Doctor insights on:
Can You Get Carbon Monoxide Poisoning From A Gas Stove
Same as from a fire.: :) co displaces 02 (oxygen) from the hemoglobin on red blood cells so they cannot transport oxygen to the tissues of the body. Co binds much more tightly, so takes a long time to come off on its own. Roughly speaking, the body is asphyxiated by lack of available oxygen to the cells that need it. ...Read more
Toxic ingestion (also called "poisoning") is a condition in which a person has eaten or drank a substance that causes ill symptoms or damage to his body. Taking an overdose of a medicine, taking any dose of a poison, drinking too much vodka, or accidentally drinking antifreeze . . . are all ...Read more
Typically not: While this is possible, proper ventilation and maintenance should prevent carbon monoxide from forming and building up. A home carbon monoxide detector can help make sure you are not in danger. ...Read more
Usually not: Carbon monoxide results from combustion of organic matter with restricted oxygen supply. Sources of carbon monoxide include cigarettes, faulty furnaces, heaters, vehicle exhaust, electrical generators, propane-fueled equipment such as portable stoves, and gasoline powered tools. ...Read more
Hard to say: The body is able to tolerate the low level exposures to CO over time with no specific hardship.Any study of its potential effects is hampered by overlapping bad habits of smokers & the inability to isolate cause/effect in a scientific study.It is well known that there are dozens of toxic chemicals released in the smoke, besides the nicotine. Over time the negative consequences of these toxins kill ...Read moreSee 2 more doctor answers
Yes: Incomplete conbustion of wood without good ventilation of the room can lead to poisonoud build up of carbon monoxide. Every room with fireplace should have a carbon monoxide meter. ...Read more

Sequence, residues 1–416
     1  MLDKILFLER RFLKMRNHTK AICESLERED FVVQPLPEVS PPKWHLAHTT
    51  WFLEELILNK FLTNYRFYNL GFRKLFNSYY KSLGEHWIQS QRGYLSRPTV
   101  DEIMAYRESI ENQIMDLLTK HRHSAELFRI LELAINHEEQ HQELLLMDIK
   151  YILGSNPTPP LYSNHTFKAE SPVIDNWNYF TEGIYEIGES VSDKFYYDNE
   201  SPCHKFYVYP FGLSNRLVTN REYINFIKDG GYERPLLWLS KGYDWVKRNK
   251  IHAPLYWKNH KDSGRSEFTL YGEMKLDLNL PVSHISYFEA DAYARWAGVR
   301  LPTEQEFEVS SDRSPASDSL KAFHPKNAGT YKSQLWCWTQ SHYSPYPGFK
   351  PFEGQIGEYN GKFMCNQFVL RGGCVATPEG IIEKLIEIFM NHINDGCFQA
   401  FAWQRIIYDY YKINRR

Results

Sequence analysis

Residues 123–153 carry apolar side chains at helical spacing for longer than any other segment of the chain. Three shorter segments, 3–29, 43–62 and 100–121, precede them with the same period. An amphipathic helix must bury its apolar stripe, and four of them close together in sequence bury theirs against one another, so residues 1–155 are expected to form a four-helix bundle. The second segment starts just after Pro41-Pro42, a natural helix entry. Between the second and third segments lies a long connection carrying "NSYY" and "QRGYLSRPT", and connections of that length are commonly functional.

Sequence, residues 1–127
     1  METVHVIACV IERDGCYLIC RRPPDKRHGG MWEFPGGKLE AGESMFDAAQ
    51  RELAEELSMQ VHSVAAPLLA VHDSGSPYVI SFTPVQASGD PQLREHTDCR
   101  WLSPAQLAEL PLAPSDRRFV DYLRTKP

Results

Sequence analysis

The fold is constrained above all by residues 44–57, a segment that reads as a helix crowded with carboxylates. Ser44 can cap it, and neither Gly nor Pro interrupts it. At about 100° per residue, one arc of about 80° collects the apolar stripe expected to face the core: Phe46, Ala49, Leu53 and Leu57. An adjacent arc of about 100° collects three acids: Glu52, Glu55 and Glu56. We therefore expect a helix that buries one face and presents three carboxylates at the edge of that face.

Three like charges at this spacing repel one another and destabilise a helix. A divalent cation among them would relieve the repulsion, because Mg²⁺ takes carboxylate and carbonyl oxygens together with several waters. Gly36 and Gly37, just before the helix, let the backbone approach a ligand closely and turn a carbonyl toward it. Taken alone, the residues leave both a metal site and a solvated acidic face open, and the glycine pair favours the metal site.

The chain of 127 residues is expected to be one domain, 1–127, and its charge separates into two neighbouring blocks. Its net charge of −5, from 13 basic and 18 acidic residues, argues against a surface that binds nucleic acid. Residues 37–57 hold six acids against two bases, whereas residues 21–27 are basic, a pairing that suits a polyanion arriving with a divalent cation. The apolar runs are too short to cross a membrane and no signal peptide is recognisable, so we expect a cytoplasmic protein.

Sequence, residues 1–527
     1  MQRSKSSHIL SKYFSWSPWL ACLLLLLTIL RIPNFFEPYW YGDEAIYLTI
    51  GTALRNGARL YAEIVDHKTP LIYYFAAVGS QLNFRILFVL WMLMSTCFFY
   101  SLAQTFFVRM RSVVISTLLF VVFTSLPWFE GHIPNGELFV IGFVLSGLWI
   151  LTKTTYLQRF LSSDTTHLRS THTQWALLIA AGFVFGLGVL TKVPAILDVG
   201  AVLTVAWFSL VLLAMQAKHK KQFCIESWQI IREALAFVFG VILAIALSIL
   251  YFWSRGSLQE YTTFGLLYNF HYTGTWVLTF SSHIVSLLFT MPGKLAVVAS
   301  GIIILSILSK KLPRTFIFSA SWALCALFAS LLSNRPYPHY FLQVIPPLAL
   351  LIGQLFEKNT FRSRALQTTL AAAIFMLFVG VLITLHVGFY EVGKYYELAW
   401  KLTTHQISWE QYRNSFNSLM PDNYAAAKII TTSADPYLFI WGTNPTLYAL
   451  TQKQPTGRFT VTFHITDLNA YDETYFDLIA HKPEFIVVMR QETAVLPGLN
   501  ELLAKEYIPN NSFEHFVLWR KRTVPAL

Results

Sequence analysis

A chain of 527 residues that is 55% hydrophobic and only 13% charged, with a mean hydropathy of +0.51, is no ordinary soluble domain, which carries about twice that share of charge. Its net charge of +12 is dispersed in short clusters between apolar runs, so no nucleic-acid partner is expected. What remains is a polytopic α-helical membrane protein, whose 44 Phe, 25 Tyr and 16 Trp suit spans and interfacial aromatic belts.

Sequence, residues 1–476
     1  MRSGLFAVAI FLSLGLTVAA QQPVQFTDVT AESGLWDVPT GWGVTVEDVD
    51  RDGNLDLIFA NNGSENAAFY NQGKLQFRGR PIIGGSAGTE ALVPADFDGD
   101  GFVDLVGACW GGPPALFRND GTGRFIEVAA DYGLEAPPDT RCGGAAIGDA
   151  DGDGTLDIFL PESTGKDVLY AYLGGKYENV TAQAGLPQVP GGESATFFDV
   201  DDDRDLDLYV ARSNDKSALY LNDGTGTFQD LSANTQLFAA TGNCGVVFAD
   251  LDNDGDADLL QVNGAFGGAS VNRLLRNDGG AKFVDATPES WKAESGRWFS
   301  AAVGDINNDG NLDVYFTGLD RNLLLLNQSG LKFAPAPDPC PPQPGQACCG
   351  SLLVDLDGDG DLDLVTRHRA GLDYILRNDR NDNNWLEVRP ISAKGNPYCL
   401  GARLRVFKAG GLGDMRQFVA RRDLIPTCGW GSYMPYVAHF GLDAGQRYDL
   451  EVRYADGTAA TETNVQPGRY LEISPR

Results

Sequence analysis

Follow link: Here are all symptoms and the description http://www.Emedicinehealth.Com/carbon_monoxide_poisoning/page3_em.Htm. ...Read more
Could i still die from carbon monoxide poisoning with new cars that have the catalytic converters?
Poor oxygen supply: Carbon dioxide causes its toxic effects by reducing the ability of the blood to carry oxygen. In areas of the brain that are affected by poor blood flow (by atherosclerosis, etc), further reducing oxygen delivery can lead to a stroke. Severe carbon monoxide poisoning can cause stroke even in healthy brain. ...Read more
If unload trailers with gas propane Truck, can I get carbon monoxide posion if I'm in the trailer to long. I worry sometimes ?
Unlikely: If doors of truck were closed, yes. But they have to be open for you to get in/out of truck with your fork lift, power towmotor, etc. I would not be worried. ...Read more
Not long: Carbon monoxide has a high affinity to the hemoglobin molecule, not allowing the oxygen molecules to bind. Exactly how long before one gets carbon monoxide poisoning depends on many factors including the health of the individual exposed and the concentration of the carbon monoxide. Avoid exposure by never burning anything inside a house (bbq, etc.). ...Read more
Ventilation: Only if there is impaired exhaust of the products of combustion can a room develop co accumulation and the possibility of poisoning. Ventilation should always be to code to prevent this from happening. If you are concerned have a certified hvac technician evaluate you particular circumstance and recommend solutions. ...Read moreSee 1 more doctor answer
Yes: Volatile fumes from gasoline, glue, paint, etc..., are bad because they diffuse throughout the body after inhalation. The fumes one smells at a gas station are diluted by the air, so don't cause illness. If one purposely sniffs gasoline or glue, or accidentally gets too much fumes while painting inside a closet, he can get damage to the lungs, brain, etc..., especially with repeated exposures. ...Read moreSee 1 more doctor answer
Carb monoxide: Oil burning leaves much more cm than gaz is it does not burn as totally as gaz. ...Read more
If you inhale and exhale into a ziploc bag, can you get carbon monoxide poising? I'm just curious and have no intentions of hurting anyone.
Carbon monoxyde: Rebreathing in a ziploc for a few cycles is ok, . ...Read more
Fumes are unhealthy: Volatile fumes from gasoline, glue, paint, etc..., are bad because they diffuse throughout the body after inhalation. The fumes one smells at a gas station are diluted by the air, so don't cause illness. If one purposely sniffs gasoline or glue, or accidentally gets too much fumes while painting inside a closet, he can get damage to the lungs, brain, etc..., especially with repeated exposures. ...Read moreSee 1 more doctor answer
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